§ Mr. Walker
First, I am grateful to the hon. Gentleman for his kind remarks. Secondly, most of the money takes the form of percentage grants for various national measures. There are percentage grants for scrapping, restructuring, the modernisation of vessels and so on. Many of those apply to the fishing industry in Hull. I can only say that in the near future we shall have talks with the fishing industry. The British Trawler Federation, which is particularly important for Hull, has asked for talks with the Government in the near future on how to apply for those grants and put them into operation. We shall have to take into consideration the real difficulties that the long-distance fleet has had over the years as a result of the loss of Icelandic waters.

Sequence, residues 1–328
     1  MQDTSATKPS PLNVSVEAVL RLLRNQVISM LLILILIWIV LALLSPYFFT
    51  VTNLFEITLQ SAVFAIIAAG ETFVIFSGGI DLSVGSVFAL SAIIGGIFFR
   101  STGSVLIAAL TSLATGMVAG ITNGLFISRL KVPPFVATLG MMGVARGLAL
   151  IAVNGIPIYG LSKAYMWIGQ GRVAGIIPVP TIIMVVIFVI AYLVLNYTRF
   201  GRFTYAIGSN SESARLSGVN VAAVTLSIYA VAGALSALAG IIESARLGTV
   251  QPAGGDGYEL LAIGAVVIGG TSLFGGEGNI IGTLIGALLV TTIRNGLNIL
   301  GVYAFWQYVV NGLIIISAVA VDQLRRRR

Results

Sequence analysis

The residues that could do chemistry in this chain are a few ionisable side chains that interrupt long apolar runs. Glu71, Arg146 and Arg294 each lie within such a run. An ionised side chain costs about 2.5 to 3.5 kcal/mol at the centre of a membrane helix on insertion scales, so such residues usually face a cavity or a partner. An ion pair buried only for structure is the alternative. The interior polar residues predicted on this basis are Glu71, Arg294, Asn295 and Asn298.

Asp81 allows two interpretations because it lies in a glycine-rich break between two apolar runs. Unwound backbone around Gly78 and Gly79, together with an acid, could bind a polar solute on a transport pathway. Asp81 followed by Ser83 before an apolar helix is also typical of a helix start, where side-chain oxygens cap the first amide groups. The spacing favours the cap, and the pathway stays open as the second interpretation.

§ Sir Peter Mills (Devon, West)
I congratulate my right hon. Friends the Secretary of State and the Minister of State and give them 10 out of 10. Will the Minister confirm that the agreement will mean more and better quality fish for our fishermen to fish for, which will benefit not only fishermen but the consumer? Will he also bear in mind the fact that it is important to proceed with aid for modernising the fleet so that there can be more economical fishing in the future, again to the benefit of the consumer?
§ Mr. Walker
These are, in my judgment, good quotas, above what has been caught in recent years. Quality will depend partly on the quality control imposed by the industry. However, to repeat what I said in my statement, one of the most fundamental points is that we at last have an agreement which can be enforced on all member countries. The real blow to the fishing industry, for example with herring, has been the disappearance or decline of stocks and it is important that in the coming decades stocks can be enhanced. I shall discuss with the leaders of the fishing industry how the British fleet can be adapted and advantage taken of the opportunities.